Buying LIKES through contests, coupons, promos is not the same as building community.

It's not the same as having passionate advocates.
It's not building engagement with your brand.
It doesn't create a shared belief system between you and your customers.

There is no smart marketer in the world who i know who would put an entire marketing plan around how to get people to join a contest or use their coupons. So people, if that's what your Facebook plan looks like, I say it's time to get a new approach.

The dynamics of this new era of social enabled networks presents a world of opportunity to become meaningful to the culture, the people and the world around you. Don't waste it on buying yourself some Facebook LIKES.

You will find very shortly that all LIKES are simply not created equal.

Saturday, 5 February 2011

Social Meania - In Defense of Kenneth Cole

Whenever someone uses the term #boycott I pay pretty close attention. So when I saw the #boycottkennethcole hashtag the other day I immediate wondered what was going on and clicked through.

What was I going to find? What kind of tweet could get people’s ire up so dramatically? I clicked through to see this:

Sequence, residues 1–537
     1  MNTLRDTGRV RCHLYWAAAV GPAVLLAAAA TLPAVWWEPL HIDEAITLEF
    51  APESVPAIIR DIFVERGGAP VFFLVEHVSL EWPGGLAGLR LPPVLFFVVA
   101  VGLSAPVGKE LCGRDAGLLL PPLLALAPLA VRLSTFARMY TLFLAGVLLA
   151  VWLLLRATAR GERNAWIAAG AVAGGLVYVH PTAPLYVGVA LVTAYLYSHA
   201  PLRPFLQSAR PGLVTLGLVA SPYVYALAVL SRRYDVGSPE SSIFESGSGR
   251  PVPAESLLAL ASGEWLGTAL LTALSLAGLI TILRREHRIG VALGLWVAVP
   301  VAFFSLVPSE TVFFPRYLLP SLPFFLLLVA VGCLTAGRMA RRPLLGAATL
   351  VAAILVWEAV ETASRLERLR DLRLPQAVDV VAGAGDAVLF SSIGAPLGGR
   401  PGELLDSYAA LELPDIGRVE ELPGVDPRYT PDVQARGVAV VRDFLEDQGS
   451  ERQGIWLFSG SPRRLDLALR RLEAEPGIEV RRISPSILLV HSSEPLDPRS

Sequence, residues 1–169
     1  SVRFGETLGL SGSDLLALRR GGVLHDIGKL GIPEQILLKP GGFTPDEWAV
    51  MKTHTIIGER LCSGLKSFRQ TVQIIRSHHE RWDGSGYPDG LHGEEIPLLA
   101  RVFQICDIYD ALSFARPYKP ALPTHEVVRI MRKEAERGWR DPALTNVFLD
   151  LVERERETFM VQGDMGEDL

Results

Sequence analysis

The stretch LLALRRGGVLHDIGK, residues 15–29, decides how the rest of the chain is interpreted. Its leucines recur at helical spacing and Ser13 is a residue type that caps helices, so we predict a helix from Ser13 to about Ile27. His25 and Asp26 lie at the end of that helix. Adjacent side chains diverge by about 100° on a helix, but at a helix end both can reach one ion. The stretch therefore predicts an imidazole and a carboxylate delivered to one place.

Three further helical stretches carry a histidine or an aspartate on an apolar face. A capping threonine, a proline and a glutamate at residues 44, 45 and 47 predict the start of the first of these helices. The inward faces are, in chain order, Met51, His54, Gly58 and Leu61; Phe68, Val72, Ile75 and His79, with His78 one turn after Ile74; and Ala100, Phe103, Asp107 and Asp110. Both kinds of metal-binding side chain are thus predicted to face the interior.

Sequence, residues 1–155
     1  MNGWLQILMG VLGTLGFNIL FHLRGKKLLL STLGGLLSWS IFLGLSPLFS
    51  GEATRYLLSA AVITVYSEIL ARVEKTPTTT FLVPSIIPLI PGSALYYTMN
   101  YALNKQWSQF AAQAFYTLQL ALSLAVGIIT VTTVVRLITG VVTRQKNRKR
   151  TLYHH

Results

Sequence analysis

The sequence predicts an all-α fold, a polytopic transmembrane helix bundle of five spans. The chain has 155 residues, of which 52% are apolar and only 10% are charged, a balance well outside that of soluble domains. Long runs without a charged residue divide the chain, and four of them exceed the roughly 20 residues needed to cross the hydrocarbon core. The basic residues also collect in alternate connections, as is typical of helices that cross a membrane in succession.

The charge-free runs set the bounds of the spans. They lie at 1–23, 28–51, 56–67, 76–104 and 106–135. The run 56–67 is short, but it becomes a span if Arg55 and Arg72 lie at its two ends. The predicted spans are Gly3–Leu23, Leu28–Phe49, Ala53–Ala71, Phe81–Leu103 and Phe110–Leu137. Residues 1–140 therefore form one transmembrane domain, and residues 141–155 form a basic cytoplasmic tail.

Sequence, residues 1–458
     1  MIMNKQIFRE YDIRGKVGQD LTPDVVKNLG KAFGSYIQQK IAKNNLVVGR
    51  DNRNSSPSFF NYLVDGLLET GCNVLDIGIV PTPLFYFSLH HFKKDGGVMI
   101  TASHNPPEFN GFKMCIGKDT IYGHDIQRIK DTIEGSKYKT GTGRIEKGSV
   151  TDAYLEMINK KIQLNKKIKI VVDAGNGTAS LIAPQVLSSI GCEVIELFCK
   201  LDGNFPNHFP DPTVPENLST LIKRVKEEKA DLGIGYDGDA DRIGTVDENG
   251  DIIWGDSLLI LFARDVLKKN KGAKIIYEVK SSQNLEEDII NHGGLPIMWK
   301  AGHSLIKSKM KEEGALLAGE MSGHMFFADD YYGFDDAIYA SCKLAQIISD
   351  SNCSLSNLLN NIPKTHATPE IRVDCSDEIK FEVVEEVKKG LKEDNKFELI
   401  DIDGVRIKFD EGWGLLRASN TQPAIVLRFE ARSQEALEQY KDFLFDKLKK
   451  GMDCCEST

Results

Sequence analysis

Millions are in an uproar in Cairo. Rumor is they heard our new spring collection is now available online at x URL
hum. Ok. A silly comment about a very serious issue….yes. Weird for the Kenneth Cole brand…yes . Inappropriate? Sure. But they posted an apology only 23 min later both on their Twitter and Facebook account and seemed genuinely regretful (As I am sure they are) about the misstep.

Having been a watcher of the tech sector for a while now, I’m used to seeing blogosphere pile ons. People get their ire up and next thing you know, it’s flame posts all over the place. It’s just that it’s usually the angry mean boy tech bloggers and honestly I have no patience with it.


As marketers we tell brands to risk being in Social Spaces. Be more current.


Well guess what. When you are twittering every day all day long, at some point you are going to make a HUMAN mistake.

If we want an environment of experimentation to exist, we have to have compassion when a mistake is made verses being a pack of wild vicious dogs really to pounce.

Maybe it’s because we don’t have to have the poor community manager right there in front of us teary eyed and apologetic. Maybe it’s the protective cloak of technology that allows us to throw rocks from behind a wall with a group of our friends.

Maybe that is the mean of Social Media where we bring out the worst in ourselves – if it is I say, shame on us.

And Kenneth Cole ….about your apology… I for one accept it.

update: one thing i will say - smarter posts are criticizing KC for the #hashtag and trying to join the #Egypt conversation from a reach perspective. Let's hope more than not saying something stupid in future, that KC never does that again bc that is far more unforgivable